Congress Reaches Year-End Resolution on Unemployment, Payroll Tax Extension
Dec 23, 2011
Jan. 1 is not the time to cut jobless workers off desperately needed unemployment insurance benefits, but neither is March 1.
Millions of jobless workers and their families have a little less to worry about today after the U.S. House, under tremendous public and political pressure, passed a bill that extends federal unemployment insurance benefits for an additional two months. The bill also extends the payroll tax cut and the Temporary Assistance for Needy Families block grant.
The agreement comes after a standoff early in the week in which House leadership rejected the bipartisan Senate bill. Without the compromise, more than 1 million long-term unemployed workers would have lost their benefits by the end of January, and the numbers would have continued to grow each month.
Passage of the bill, even at the 11th hour, is good news for now, but the extension is only for two months. When lawmakers return to Washington in January, they will have to get back to work and forge a compromise that extends federal unemployment insurance benefits for a full year without adding extraneous provisions that suggest that workers are unemployed because of their personal failings, rather than because of the persistent lack of jobs.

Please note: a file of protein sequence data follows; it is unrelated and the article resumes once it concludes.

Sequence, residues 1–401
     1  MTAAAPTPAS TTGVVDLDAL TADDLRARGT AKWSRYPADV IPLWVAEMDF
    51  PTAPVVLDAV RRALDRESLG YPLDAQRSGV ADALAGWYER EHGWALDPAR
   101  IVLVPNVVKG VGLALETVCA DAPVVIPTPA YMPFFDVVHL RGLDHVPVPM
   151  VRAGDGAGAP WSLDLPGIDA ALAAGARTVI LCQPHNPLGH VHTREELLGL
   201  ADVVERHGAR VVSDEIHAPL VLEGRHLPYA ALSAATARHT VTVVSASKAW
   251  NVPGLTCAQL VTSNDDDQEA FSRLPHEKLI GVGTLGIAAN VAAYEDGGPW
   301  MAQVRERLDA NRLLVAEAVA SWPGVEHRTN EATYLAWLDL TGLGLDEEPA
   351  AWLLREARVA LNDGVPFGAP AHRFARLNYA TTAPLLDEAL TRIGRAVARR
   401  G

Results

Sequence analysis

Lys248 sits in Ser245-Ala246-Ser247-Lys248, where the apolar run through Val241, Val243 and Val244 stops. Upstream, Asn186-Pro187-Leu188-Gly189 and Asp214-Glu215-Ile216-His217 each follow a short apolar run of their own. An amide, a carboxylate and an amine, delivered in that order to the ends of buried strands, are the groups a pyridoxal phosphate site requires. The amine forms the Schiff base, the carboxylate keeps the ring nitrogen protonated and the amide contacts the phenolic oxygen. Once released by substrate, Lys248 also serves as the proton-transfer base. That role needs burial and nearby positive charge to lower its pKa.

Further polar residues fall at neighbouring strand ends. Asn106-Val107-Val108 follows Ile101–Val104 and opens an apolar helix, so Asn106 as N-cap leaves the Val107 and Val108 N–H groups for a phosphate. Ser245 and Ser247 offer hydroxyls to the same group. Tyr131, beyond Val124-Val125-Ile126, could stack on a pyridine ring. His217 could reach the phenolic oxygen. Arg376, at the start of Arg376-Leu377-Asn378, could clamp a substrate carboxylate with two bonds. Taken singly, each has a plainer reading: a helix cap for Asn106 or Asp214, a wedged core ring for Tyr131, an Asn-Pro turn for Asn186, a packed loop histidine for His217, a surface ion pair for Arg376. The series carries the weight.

Long-term unemployment remains at record highs, with 43 percent of all unemployed workers without a job for six months or longer. There is still only one job available for every four people looking. Lawmakers ultimately passed the bill because they recognized that January 1 is not the time to cut workers off of desperately needed benefits, but they should also understand that March 1 is not the time either..